IT Veterans Take Life by the Horns

Empty nests can be very good things, especially for IT executives. By the time people reach the age of 50, often they have watched their children leave home to start independent lives. Then the uppermost question becomes: what do they do now?

According to Kevin Brown, CIO at Edmonton-based Epcor, they now have amazing flexibility to focus on their careers, much the way they did at 25.

“Today’s younger IT person, say under 30, is not faced with family issues because they are not getting married yet. Young people are focused on salary, travelling and climbing the corporate ladder. When you get to the age sector where people are starting families, often they are looking for jobs with less travel and fewer hours at the office,” Brown explains. “As families get older and kids are leaving, suddenly the flexibility opens up again.”

Faye West, IS director for the Alberta Research Council, agrees it is impossible to focus solely on your career if you are trying to raise a family. West, who is also president of the Canadian Information Processing Society, says she is basically working two full-time jobs at the moment.

“I certainly couldn’t have done this with a child at home. Now I’m free to travel when I need to be away without worrying about the details of what’s going on at home,” she says. “There are different opportunities (at work) because the responsibilities at home are different.”

In the past, health may have started to come into play by the time a person had reached the age of 55, but today’s 50-plus IT professionals are a healthy lot, according to West. “I think that we are healthier as a generation than in the past. When my grandmother was my age, she was, well, a grandmother. I don’t look like my grandmother did at this age,” West says.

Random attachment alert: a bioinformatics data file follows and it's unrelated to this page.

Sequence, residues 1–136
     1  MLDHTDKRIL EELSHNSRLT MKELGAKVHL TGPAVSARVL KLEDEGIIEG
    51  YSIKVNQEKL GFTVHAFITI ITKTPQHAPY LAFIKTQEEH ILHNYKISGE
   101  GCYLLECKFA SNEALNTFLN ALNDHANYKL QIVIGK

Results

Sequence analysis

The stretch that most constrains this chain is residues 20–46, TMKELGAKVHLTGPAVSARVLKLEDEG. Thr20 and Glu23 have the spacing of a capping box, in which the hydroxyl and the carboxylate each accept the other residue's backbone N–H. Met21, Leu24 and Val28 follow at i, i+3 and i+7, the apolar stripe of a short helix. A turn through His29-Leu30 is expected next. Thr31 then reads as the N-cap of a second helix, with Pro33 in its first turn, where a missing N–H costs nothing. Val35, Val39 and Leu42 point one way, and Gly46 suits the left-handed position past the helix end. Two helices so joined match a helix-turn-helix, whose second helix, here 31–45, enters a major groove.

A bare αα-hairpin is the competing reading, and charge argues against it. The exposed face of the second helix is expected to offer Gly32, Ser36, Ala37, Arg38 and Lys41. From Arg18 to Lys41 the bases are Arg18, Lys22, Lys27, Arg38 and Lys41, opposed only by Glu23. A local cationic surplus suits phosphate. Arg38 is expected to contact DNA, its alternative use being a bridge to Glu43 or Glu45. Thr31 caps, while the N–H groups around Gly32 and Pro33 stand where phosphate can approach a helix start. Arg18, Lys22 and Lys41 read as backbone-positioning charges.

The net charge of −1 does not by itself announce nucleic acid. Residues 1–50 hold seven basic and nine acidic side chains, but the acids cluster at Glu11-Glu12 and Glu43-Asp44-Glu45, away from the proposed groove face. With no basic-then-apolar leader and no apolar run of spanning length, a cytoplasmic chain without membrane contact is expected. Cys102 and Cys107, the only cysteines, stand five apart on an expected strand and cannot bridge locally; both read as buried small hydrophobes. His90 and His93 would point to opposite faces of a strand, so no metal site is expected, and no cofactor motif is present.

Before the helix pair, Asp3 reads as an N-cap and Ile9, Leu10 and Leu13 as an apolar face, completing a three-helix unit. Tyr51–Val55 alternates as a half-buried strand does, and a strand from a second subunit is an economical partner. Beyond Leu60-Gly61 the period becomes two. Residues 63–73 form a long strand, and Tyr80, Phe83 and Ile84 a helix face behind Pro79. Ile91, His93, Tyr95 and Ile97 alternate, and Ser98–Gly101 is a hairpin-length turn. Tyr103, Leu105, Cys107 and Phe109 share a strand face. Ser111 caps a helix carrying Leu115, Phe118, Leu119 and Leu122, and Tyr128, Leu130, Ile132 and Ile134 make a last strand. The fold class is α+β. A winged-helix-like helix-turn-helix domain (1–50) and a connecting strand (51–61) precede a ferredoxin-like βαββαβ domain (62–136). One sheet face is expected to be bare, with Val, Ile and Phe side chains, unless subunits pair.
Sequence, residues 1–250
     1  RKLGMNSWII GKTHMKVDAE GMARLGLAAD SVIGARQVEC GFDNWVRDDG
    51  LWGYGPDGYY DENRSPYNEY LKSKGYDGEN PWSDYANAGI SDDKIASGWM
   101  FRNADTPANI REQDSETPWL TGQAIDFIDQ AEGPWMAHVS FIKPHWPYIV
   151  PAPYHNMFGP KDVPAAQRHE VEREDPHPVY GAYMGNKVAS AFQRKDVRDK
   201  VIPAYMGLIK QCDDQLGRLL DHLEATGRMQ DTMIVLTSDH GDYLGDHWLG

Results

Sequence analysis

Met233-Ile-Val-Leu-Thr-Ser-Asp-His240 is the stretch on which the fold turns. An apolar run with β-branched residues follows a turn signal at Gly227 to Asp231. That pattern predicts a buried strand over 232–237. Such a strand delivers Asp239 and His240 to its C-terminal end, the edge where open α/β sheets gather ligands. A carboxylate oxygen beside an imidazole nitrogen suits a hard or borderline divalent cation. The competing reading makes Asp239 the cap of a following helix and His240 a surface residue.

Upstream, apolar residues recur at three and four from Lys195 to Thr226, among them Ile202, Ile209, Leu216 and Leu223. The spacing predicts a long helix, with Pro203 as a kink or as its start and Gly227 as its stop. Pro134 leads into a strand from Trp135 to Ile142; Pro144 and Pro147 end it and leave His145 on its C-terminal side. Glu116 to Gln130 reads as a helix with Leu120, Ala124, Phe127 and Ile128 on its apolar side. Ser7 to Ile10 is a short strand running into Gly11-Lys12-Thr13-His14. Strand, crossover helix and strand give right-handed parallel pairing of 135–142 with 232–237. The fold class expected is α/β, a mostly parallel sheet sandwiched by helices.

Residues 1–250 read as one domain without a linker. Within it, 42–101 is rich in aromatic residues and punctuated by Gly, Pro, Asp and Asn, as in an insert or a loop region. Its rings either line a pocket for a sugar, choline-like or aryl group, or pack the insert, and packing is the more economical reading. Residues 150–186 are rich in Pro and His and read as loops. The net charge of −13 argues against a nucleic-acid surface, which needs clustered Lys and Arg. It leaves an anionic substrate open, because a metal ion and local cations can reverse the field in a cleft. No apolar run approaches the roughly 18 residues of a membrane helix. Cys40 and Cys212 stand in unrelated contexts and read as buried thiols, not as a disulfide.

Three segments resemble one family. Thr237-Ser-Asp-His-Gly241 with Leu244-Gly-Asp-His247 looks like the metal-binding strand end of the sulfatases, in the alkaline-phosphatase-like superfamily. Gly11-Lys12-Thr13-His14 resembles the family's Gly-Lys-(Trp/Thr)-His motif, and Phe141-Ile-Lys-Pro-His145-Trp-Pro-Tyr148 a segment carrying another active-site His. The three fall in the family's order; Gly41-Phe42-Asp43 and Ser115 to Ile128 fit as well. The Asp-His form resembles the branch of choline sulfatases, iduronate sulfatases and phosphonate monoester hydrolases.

Brown, who took up running at the age of 40 and competed in marathons at 45, says if people do not focus on staying active, it can be detrimental to their career goals. He suggests staying physically fit can help older IT professionals maintain mental focus. “Mental energy is so high when you’ve worked out. I think you’re invigorated after a good workout.”

Ted Barnicoat, CIO at Calgary-based Trimac, says some people may find the IT field burns them out. But, he notes 50 is considered young in the industry, and most people don’t think of leaving the IT field at that age.

“I wouldn’t be looking to hire someone over 65, because frankly I feel their knowledge base just couldn’t keep up. It’s a young person’s field. But 55? I think that sounds young,” Barnicoat says.

He adds most people over the age of 50 are starting to look for consultancy work, which suits a flexible lifestyle.

“The opportunity to move into a staff function, I think, is going to diminish (as I get older). I’m a CIO now and I would think the chance of being CIO again in a new company would be limited,” he says. “I think you start to have to leverage knowledge and skills in a more conservative capacity.”

But West notes if the time came for her to go on a job hunt again, she wouldn’t expect to have too much trouble getting hired. “I haven’t looked yet, but I’ve been told I shouldn’t have a problem. From the research I’ve done and the people I’ve talked to, I’ve found the need for experience and experienced people is increasing.”

She adds she keeps her industry skills and knowledge current by attending seminars and reading.

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Jim Love, Chief Content Officer, IT World Canada

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